PITTSFIELD — Actual life and artwork are coming collectively at Barrington Stage Firm.
Actual life is the migrant drama that’s being performed out each day alongside the US’ southern border. Artwork is a model new dance musical that’s being performed out via Oct. 17 at BSC’s Boyd-Quinson Stage on Union Avenue.
Commissioned via BSC’s Sydelle Blatt New Works Commissioning Program and created in affiliation with Calpulli Mexican Dance Company, “A Crossing: A Dance Musical” is a few group of migrants crossing the U.S.-Mexico border looking for a greater life right here.
It’s taken the higher a part of six years from inception for “A Crossing” to make it to the stage. The dance musical had been scheduled for production last summer however was postponed mainly due to a reshuffling of BSC’s plans in response to COVID-19. However director-choreographer Joshua Bergasse approached BSC founder and inventive director Julianne Boyd with the notion of “A Crossing” in 2015.
“My creativeness was turning towards telling a narrative about what’s occurring throughout the border; the place these migrants got here from; why they’re making the journey; what they need to do once they get there,” Bergasse mentioned throughout a rehearsal break interview on the Boyd-Quinson Stage.
Authenticity was important for Bergasse. The Primetime Emmy Award-winner (2012, “Smash”) realized from the start that Mexican folklore, dance and music can be integral. Looking out the net for somebody who can be an ideal collaborator, Bergasse discovered the individual he was on the lookout for in Alberto Lopez, who, along with govt director Juan Castranoi, based Calpulli in 2003. The New York Metropolis-based firm is actually a touring ensemble whose repertoire makes a speciality of tradition-based Mexican dance and music, in addition to unique work. The corporate has carried out all through the US, together with a 2016 look at Jacob’s Pillow Henry J. Leir Stage (previously the Inside/Out stage), which might be considered on-line on Jacob’s Pillow Dance Interactive.
Lopez, who hails from San Antonio Chiltepec in Puebla, Mexico, discovered deep connections with Bergasse’s idea and situation. He signed on as co-choreographer, story guide and dramaturg.
“When Joshua gave me the storyline I went ‘Ah!’ It touched me personally,” Lopez mentioned, becoming a member of Bergasse within the interview. “I’ve by no means seen anybody [wanting to tell] these tales via music and dance.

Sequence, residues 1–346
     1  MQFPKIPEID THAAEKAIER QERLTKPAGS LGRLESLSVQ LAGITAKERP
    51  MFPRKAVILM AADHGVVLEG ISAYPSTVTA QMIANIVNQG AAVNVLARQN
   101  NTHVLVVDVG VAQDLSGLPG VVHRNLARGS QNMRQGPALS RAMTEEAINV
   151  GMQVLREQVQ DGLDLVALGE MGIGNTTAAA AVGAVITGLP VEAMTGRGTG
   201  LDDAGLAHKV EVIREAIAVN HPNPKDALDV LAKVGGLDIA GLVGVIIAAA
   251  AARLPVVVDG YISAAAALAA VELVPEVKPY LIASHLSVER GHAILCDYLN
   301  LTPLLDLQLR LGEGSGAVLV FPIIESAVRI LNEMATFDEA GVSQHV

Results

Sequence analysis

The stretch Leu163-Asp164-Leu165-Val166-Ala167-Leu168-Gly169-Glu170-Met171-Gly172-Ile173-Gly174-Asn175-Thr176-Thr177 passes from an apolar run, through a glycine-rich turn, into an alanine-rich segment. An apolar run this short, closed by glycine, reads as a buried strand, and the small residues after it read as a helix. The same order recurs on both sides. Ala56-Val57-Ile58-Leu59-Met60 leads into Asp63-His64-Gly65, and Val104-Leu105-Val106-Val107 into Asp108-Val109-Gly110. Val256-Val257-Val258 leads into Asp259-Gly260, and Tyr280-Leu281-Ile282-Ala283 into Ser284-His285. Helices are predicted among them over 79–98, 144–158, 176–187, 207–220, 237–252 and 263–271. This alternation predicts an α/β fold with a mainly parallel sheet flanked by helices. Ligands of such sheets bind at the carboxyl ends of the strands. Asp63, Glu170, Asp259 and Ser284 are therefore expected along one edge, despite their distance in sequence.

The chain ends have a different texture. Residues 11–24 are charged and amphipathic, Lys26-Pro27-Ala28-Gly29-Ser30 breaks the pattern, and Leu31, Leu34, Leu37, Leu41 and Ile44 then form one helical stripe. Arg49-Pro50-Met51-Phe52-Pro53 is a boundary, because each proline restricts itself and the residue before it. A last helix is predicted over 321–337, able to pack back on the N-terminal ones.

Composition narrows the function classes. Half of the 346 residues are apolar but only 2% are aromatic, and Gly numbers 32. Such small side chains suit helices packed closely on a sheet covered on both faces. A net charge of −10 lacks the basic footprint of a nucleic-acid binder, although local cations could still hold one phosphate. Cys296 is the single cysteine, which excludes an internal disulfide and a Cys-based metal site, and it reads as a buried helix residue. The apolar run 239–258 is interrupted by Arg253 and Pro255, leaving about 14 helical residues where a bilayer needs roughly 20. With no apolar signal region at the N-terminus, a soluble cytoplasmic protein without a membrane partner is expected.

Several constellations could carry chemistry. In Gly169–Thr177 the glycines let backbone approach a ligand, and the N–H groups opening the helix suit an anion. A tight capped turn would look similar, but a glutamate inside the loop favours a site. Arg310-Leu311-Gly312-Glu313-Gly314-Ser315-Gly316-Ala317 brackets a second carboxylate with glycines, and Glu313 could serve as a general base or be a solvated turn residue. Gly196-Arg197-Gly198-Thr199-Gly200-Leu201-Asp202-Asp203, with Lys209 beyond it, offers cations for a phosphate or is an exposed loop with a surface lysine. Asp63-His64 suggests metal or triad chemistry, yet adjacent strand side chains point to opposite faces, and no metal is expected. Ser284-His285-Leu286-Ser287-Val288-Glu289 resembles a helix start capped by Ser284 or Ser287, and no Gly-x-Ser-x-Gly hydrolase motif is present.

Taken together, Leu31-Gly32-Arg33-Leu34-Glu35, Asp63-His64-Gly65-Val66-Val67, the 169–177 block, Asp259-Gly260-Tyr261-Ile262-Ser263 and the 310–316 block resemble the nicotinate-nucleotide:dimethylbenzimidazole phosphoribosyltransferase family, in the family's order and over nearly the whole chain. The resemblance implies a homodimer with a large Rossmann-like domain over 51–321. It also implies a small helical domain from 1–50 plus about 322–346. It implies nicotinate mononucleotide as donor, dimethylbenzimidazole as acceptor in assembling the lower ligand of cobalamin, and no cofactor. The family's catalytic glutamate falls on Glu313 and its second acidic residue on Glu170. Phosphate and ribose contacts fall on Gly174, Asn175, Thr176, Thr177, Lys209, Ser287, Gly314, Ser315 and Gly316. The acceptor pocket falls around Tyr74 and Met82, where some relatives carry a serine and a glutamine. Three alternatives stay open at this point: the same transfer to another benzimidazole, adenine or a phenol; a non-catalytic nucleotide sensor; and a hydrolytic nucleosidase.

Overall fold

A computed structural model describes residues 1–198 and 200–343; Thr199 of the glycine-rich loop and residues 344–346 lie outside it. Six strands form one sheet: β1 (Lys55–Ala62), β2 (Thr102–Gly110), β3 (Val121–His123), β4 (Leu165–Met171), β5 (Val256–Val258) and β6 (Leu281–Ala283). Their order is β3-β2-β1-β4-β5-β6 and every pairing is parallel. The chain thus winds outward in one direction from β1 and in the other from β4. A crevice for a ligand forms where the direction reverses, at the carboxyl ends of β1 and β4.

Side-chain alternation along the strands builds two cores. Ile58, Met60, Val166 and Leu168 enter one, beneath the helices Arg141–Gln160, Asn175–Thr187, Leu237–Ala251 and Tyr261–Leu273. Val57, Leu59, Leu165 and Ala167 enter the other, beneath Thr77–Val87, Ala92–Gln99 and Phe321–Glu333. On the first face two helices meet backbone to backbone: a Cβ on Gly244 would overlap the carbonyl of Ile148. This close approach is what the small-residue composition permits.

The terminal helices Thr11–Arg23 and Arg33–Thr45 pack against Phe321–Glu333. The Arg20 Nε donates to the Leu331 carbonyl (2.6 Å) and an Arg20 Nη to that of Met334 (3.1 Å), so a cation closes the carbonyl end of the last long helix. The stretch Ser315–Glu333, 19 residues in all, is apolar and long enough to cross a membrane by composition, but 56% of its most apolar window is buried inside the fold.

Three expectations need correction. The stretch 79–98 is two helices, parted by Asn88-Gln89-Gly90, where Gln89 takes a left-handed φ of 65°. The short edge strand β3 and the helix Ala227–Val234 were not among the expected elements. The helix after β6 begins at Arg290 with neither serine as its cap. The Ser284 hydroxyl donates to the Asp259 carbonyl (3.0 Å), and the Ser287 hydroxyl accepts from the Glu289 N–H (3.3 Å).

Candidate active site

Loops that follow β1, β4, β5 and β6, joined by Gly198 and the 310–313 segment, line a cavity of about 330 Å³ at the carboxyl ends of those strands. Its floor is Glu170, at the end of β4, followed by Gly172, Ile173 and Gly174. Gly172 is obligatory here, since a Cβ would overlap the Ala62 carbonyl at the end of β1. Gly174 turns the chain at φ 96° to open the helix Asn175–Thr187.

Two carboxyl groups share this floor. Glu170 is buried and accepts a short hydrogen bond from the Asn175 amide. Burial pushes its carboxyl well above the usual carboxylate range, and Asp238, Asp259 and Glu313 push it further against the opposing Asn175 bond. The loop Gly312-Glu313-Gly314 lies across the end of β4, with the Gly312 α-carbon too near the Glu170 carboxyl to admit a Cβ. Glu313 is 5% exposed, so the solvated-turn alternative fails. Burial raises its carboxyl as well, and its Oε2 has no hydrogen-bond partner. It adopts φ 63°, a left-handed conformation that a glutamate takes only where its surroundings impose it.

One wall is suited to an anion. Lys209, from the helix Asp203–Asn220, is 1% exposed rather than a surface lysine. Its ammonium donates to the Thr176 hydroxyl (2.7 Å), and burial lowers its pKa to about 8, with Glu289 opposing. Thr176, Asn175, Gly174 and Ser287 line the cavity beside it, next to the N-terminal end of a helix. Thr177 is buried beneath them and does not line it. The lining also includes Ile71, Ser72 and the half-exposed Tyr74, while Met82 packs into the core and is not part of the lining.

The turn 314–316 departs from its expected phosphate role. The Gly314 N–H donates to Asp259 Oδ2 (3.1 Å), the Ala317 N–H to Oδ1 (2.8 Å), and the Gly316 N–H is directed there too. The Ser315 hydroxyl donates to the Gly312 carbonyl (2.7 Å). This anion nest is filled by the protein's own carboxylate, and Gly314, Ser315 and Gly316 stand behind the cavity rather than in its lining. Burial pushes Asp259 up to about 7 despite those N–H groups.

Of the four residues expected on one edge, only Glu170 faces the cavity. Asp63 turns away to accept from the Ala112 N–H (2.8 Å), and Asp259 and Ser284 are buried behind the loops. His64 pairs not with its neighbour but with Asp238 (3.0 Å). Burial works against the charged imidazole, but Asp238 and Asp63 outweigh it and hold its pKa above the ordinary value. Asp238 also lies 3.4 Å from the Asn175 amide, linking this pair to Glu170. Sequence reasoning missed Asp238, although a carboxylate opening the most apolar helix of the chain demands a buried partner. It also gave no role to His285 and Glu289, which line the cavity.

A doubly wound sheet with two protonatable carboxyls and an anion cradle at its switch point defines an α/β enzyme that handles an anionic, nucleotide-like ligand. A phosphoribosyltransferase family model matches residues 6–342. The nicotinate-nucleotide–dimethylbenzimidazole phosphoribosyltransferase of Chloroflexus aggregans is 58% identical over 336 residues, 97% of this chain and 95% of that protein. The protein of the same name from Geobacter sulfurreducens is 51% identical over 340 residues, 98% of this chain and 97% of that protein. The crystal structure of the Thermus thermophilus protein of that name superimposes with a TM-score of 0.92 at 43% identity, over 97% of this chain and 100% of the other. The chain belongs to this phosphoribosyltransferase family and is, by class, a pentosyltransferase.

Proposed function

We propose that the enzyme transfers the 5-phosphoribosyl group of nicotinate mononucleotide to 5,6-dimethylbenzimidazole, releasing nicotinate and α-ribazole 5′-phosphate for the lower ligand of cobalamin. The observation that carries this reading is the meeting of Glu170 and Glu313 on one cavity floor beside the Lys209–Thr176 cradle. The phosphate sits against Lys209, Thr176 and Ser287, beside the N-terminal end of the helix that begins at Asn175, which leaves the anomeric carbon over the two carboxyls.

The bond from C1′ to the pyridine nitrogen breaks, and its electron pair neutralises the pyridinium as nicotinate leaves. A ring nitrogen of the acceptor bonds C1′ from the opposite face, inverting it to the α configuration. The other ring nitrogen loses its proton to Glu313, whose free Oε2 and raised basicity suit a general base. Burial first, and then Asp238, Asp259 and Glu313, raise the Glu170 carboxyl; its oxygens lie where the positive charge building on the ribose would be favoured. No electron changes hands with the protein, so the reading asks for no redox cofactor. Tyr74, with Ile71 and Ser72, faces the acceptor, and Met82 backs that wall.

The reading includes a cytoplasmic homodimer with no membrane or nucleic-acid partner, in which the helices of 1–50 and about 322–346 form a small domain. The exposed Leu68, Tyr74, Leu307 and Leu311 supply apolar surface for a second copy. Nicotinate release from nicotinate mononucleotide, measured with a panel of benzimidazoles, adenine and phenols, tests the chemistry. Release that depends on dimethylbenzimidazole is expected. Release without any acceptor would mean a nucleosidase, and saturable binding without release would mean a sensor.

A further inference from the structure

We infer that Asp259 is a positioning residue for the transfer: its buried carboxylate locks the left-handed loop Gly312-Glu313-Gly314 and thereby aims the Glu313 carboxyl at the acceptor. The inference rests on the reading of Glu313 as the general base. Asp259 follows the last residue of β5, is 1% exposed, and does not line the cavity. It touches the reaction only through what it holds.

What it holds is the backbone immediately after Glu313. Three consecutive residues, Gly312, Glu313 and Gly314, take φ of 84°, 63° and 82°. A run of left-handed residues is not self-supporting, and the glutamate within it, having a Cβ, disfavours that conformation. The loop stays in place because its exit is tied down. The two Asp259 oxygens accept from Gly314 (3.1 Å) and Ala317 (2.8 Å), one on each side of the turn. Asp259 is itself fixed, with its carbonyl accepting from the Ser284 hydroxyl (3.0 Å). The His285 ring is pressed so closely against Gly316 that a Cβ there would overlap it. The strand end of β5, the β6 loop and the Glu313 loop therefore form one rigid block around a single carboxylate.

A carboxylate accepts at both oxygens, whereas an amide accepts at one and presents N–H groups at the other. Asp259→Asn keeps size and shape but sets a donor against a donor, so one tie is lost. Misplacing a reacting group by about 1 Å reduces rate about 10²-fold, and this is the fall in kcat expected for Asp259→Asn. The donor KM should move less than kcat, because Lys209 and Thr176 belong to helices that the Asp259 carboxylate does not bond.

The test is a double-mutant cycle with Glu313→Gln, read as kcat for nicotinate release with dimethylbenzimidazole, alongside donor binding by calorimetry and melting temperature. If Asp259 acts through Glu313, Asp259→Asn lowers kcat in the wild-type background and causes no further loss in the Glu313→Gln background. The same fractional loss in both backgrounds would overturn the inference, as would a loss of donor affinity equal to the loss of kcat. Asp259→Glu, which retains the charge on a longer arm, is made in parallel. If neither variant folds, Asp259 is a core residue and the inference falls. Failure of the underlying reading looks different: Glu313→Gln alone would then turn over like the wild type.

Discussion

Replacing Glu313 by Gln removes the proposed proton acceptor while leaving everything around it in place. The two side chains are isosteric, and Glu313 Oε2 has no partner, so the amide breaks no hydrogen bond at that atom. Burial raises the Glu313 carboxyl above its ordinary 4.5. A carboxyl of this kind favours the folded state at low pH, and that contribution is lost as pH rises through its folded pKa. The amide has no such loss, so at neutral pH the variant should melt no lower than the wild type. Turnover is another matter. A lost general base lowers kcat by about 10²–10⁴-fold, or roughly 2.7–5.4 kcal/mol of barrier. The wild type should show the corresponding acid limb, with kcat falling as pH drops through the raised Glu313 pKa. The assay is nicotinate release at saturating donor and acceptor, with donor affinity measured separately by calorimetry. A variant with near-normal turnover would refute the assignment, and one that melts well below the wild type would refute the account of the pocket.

Playwright Mark St. Germain developed the situation for “A Crossing,” which comprises just about no dialogue. “My course of was very very like writing a silent film,” St. Germain mentioned. “A Crossing” is instructed in music — a mix of unique songs and vocal preparations by Zoe Sarnak, and conventional Mexican folks music preparations and extra rating by George Sáenz — and dance. Lengthy segments of “A Crossing” unfold solely in dance.
“We don’t have dialogue and there’s a lot we’ve to say,” Bergasse mentioned. He credit Sarnak’s songs for serving to him develop the story and the characters.
Bergasse says his major job as director and choreographer is to assist his artists do their finest work; “to get the most effective folks within the room after which get out of the best way and allow them to shine.”
Lopez says his major job as story guide is to maintain “A Crossing” near actuality.
The storytelling isn’t straightforward. “It’s tough to get folks to inform their tales about crossing the border,” Lopez mentioned.
However these are tales that have to be instructed, particularly “by individuals who know these tales,” one feminine member of the 12-person Hispanic solid mentioned following a quick preview of “A Crossing” for a small, invited viewers on the Boyd-Quinson Stage; and particularly to an viewers that is aware of in regards to the migrant disaster solely from information studies and pictures.
Bergasse’s hope is that theatergoers will acquire deeper understanding of what’s occurring alongside the border, will look past the discuss and pictures and are available to understand that behind all of the numbing statistics are folks: human beings with goals and aspirations.
“Seeing these characters onstage offers us an opportunity to empathize,” Bergasse mentioned. “We’re not making an attempt to be political. We’re simply saying it is a human subject we will’t ignore.”
“That is much more about one another,” Lopez mentioned, “about reaching out; about seeing people who find themselves neighbors who see you; about saying to them [in return] ‘Hey, I can see you.’”
Jeffrey Borak is The Eagle’s theater critic.